Havana Travel – The Final Day

Havana - Capitol

My god, how time flies…. I have now been back from Cuba for close to 10 days, and my reentry into the business world has been the usual: tons of projects to catch up on, accounting stuff to be taken care off, marketing strategies to be worked out, etc. etc. As a result I didn’t have time yet to tell you about my final day in Cuba and my reflections and insights after my return.

Che Guavara – still a favourite in Cuba

On Friday afternoon I checked out the Plaza de la Revolucion, which is the seat of the Fidel Castro’s government and the seat of the “Comite Central” of his communist party. It is a large square that is usually used for political rallies and speeches and the two most distinguishing features are a huge image of Che Guevara on a building on the west side of the square, as well as the memorial to Jose Marti which is composed of an obelisk-like tower and a huge statue of the national hero. The Plaza de la Revolucion definitely has a very monumental feel to it and I would have like to be there and experience the atmosphere during a rallye or speech.

The Jose Marti Memorial

Well, Saturday, April 16 was my last full day in Cuba. The day started out rainy and grey but the weather managed to clear up nicely, so much so that I forgot to put on sunscreen and I got myself burned on my arms pretty badly. I now officially have a tanline half way down my upper arm since I was wearing a t-shirt with sleeves – not a pretty sight….

My trusted friend and tour guide Pedro came to meet me early for our last excursion around Havana. As we had done earlier in the week, we walked towards downtown and there were a few things that I had not seen yet. We walked all the way to the Capitolio and caught a public bus across the bay to get to the famous statue “Cristo de la Habana”, a 17m high statue dating to the late 1920s, that looks at downtown Havana and the harbour entrance from a ridge on the other side of the water.

The “Cristo de La Habana”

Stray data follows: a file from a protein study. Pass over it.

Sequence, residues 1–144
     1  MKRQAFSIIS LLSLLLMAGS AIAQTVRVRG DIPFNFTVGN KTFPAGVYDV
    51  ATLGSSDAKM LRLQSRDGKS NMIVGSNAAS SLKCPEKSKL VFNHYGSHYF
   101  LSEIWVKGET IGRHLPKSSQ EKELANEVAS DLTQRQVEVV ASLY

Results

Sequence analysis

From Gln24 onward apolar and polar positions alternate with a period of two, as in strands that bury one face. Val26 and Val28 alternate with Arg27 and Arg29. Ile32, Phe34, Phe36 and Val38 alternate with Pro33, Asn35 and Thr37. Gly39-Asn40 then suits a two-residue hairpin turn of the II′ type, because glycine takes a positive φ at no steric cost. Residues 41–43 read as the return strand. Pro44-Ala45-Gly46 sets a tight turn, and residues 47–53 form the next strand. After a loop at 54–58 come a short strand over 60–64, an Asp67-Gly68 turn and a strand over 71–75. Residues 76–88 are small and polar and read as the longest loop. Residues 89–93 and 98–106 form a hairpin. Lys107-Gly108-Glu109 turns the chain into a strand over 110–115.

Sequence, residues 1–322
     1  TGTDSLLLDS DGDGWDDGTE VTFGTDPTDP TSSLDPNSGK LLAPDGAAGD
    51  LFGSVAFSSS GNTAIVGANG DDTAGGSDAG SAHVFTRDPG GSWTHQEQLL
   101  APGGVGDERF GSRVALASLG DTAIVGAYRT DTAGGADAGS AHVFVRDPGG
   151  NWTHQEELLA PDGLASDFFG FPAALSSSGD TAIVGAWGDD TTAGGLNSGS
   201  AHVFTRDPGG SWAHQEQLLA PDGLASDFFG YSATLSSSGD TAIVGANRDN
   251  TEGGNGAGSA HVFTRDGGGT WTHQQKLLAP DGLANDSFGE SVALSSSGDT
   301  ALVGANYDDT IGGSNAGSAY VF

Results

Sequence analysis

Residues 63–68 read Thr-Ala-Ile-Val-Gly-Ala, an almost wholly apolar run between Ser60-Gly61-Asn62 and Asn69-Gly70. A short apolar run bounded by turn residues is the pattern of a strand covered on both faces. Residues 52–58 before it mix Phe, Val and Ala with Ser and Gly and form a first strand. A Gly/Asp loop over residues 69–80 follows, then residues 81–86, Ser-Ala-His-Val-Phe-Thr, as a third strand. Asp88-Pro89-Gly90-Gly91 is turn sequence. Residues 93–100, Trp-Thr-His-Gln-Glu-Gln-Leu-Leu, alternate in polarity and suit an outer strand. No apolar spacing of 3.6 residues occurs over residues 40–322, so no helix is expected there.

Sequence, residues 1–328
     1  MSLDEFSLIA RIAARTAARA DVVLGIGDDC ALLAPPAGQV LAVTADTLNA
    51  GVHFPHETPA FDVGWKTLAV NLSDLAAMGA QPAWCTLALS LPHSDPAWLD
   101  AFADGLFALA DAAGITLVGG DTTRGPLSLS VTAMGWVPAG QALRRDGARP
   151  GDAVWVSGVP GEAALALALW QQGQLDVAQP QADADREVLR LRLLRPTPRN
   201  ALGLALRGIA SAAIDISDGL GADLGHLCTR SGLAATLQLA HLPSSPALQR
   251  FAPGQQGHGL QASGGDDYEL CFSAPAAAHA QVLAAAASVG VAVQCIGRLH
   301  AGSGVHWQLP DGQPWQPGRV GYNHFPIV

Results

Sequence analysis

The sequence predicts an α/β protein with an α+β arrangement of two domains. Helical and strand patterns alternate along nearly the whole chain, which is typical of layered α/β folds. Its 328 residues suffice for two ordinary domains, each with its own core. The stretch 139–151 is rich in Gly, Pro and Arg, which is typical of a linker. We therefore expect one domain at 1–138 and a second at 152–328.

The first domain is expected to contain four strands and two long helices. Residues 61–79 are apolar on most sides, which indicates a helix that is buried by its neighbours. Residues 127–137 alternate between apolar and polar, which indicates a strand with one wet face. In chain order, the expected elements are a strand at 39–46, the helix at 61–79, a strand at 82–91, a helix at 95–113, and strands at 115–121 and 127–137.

The view from up there was fabulous. We saw the entire skyline of Havana (obviously pretty devoid of skyscrapers), had a view of the entire Bay of Havana and saw a huge cruise ship anchored at the Terminal Sierra Maestra. (Incidentally, due to the embargo, any cruise ship docking in Cuba is not allowed to dock in the US for 6 months..).

After successfully catching a sunburn we caught another bus back into town and sat around in a tourist cafe along the waterfront. A group of performance artists on stilts, the so-called “Teatro de la Calle” (Street Theatre) came by and perched high up on their stilts, they danced to the ubiquitous rhythms of Salsa.

Teatro de la Calle

Later that afternoon we caught the local ferry to the other side of Havana Bay, to a residential neighbourhood called “La Regla”. This is definitely not a tourist area, so we just hopped off, walked around for a half hour and returned to the ferry dock. Our effort was rewarded with a view of one of the most beautiful sunsets across Havana Bay before we returned to the downtown area to head into the Barrio Chino for a final tasty, yet affordable meal.

Sunset view across the “Bahia de La Habana”

I headed back to the hotel fairly early since I still had to pack my suitcase. Sunday morning I took a little walk through the neighbourhood, taking a few final snapshots of the area, including the Habana Libre hotel and the famous Coppelia icecream park. Pedro had dropped by and we said our goodbyes in front of my hotel.

My friend Pedro had been my tourguide, my local expert and my bodyguard against the constant onslaught of male attention for close to 2 weeks and we had developed a great friendship. We dropped by at his sister-in-laws who works in the neighbourhood and another round of goodbyes was exchanged.

In the airport shuttle I connected with another young woman from Vancouver who had also attended a 2-week course at the University of Havana and we exchanged stories and experiences on our way, in Spanish, of course.

I think what made this trip so unique and special was the fact that I had the opportunity to connect with locals and to be immersed and receive a personal introduction to the Cuban lifestyle. I had made a real effort to seek out contacts with locals, in restaurants, in the bank, at the bus station, at the university, really whereever I could.

My experience in Cuba was made most special by the people that I met. I really have to thank Pedro, his family, my friend Sandra in Vinales and all the other local Cubans who showed me great hospitality and who taught me so much about this strange and unique country.


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